16 ‘Generation in Waiting’ or ‘Precarious Generation’? Conceptual Reflections on the Biographical Trajectories of Unemployed Graduates Activists in Morocco
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At the start of the twenty-first century the population demographics of many of the Middle East and North Africa (MENA) countries are characterized by a ‘youth bulge’, that is, a large cohort of young people. Until the uprisings of 2011, these young people and young adults were hardly present in Western media. If considered at all, they tended to be discussed as a potential threat—associated with debates on terrorism, especially after 9/11. Here, the United Nations Arab Human Development Report (2002) represents an important intervention as it problematized the unemployment rates and general social situation of the young in the MENA region. However, this Report also perceives young people and young adults mainly as statistical data and as objects of policies that had to change. The Report did not take into account their less visible forms of agency and protest. Nor did it apply an open qualitative approach that would have asked how young adults themselves perceive and make sense of their situation. Accordingly, young people tended to be seen as politically lethargic victims of failed policies of authoritarian regimes and a ‘traditional Islamic culture’ that somehow lacked ‘development’.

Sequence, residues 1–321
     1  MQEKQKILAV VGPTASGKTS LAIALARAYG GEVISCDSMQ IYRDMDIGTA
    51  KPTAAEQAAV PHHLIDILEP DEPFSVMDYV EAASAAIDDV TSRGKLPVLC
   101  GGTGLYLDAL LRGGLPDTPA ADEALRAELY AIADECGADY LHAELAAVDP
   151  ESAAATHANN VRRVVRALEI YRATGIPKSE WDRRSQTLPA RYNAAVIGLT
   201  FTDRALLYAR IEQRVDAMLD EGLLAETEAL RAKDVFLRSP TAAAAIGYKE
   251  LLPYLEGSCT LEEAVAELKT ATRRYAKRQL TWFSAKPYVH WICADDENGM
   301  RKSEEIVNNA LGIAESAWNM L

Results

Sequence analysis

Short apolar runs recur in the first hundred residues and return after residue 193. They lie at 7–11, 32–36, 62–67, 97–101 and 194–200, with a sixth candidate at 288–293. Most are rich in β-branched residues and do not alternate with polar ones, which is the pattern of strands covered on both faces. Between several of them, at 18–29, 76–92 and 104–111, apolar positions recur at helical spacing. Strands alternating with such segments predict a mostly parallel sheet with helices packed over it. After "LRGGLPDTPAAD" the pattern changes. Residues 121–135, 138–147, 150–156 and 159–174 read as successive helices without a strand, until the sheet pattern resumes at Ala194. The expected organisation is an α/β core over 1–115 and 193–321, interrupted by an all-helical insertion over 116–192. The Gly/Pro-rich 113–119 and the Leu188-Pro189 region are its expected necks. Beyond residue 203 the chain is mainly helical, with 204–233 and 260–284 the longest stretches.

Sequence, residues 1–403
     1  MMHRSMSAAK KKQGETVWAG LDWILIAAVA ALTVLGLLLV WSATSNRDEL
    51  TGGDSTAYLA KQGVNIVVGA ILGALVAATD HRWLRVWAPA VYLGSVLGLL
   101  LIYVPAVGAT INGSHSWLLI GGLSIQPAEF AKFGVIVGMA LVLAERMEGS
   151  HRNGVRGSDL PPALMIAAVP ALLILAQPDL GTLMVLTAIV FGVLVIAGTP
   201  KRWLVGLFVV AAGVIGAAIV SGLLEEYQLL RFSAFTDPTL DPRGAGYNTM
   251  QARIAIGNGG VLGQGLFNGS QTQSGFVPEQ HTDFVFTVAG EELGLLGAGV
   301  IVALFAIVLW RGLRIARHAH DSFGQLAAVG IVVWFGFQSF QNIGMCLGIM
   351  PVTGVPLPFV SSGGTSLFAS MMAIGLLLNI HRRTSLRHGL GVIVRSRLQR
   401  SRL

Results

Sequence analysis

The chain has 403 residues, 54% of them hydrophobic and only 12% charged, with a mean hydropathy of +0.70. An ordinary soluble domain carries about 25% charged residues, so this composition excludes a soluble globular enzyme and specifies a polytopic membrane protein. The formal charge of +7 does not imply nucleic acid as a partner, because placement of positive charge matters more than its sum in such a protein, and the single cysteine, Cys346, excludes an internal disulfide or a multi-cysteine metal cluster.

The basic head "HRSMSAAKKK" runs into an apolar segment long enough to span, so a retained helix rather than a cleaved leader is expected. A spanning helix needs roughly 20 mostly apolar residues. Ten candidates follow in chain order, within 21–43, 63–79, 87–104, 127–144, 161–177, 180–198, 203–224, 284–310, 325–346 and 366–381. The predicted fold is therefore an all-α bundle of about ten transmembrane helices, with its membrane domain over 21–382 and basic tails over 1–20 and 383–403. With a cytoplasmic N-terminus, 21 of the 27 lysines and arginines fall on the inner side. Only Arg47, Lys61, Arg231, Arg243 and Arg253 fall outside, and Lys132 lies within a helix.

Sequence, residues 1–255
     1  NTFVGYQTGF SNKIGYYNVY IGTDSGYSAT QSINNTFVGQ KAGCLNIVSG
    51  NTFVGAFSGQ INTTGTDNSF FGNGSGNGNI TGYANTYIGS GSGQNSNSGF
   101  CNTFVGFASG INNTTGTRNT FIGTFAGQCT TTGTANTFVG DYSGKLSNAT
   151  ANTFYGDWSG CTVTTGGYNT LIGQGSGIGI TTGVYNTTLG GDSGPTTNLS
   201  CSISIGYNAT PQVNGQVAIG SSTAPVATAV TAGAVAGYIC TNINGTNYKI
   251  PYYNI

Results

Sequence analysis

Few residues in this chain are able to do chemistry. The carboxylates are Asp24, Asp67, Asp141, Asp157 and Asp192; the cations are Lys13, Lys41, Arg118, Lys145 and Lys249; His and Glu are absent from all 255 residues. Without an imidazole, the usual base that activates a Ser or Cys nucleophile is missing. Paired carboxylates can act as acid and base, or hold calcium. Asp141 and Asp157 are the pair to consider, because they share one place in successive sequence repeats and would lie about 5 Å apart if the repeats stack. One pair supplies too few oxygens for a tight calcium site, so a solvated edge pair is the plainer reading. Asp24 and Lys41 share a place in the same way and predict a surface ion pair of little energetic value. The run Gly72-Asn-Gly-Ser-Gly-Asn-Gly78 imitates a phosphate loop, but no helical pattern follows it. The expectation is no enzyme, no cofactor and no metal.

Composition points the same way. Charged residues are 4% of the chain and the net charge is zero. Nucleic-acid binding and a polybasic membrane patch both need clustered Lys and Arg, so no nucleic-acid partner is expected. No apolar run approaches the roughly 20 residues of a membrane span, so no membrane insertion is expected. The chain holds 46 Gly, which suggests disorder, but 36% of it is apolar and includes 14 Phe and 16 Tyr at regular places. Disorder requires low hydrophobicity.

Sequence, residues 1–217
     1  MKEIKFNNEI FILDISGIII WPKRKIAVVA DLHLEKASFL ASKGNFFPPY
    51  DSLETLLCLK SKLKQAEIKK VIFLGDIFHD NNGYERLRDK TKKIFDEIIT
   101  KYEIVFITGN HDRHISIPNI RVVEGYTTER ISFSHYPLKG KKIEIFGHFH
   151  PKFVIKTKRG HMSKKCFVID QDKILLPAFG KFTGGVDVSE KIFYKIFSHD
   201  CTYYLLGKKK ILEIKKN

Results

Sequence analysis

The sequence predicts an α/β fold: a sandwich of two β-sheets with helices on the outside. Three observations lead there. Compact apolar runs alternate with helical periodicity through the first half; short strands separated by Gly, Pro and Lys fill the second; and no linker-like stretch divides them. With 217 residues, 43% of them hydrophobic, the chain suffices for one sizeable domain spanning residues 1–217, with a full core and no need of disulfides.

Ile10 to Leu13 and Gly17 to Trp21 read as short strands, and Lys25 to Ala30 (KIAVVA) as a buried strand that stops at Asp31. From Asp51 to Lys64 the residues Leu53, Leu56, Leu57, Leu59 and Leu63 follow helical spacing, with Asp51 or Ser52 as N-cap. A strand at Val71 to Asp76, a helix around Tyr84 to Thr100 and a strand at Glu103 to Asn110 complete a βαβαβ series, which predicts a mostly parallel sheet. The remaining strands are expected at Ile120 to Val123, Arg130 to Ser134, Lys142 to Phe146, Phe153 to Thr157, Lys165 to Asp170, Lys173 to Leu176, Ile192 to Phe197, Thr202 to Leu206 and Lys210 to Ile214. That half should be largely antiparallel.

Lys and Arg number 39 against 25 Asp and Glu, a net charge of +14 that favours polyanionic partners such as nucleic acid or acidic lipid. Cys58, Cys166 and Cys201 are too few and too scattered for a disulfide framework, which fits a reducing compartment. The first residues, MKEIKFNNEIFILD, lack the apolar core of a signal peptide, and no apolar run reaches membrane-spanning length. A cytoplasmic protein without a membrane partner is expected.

KeywordsYoung People Social Exclusion Authoritarian Regime Muslim Society Western Public
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